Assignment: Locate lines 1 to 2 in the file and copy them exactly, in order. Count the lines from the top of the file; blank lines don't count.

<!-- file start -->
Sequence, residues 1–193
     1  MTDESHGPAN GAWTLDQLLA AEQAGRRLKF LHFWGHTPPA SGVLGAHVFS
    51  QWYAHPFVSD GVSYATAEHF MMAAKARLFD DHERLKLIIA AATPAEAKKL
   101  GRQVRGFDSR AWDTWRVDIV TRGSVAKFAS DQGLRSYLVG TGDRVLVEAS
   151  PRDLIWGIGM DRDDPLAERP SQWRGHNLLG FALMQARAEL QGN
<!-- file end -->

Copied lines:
Sequence, residues 1–193
     1  MTDESHGPAN GAWTLDQLLA AEQAGRRLKF LHFWGHTPPA SGVLGAHVFS